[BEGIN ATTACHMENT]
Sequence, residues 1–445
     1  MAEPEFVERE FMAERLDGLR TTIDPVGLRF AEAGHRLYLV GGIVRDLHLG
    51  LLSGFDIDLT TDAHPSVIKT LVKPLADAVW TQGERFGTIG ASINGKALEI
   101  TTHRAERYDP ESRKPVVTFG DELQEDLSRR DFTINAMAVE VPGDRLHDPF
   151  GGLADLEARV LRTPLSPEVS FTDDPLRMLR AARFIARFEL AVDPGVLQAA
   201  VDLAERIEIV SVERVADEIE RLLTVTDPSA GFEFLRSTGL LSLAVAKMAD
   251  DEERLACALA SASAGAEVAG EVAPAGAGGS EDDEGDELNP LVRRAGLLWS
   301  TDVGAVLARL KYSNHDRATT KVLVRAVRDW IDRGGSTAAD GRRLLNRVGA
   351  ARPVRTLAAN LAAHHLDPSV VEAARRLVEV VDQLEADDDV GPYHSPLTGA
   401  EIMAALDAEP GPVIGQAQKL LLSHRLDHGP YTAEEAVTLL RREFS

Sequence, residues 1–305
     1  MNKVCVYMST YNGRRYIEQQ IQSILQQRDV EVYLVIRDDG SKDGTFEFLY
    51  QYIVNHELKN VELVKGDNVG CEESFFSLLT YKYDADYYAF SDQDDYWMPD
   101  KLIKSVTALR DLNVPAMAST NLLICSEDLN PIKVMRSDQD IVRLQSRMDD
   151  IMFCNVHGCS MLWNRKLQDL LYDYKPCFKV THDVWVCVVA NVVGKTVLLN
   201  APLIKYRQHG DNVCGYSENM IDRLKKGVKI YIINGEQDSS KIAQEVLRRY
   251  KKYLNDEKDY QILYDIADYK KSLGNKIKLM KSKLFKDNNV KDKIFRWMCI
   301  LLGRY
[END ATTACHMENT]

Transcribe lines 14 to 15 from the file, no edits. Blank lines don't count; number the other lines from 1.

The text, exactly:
   101  KLIKSVTALR DLNVPAMAST NLLICSEDLN PIKVMRSDQD IVRLQSRMDD
   151  IMFCNVHGCS MLWNRKLQDL LYDYKPCFKV THDVWVCVVA NVVGKTVLLN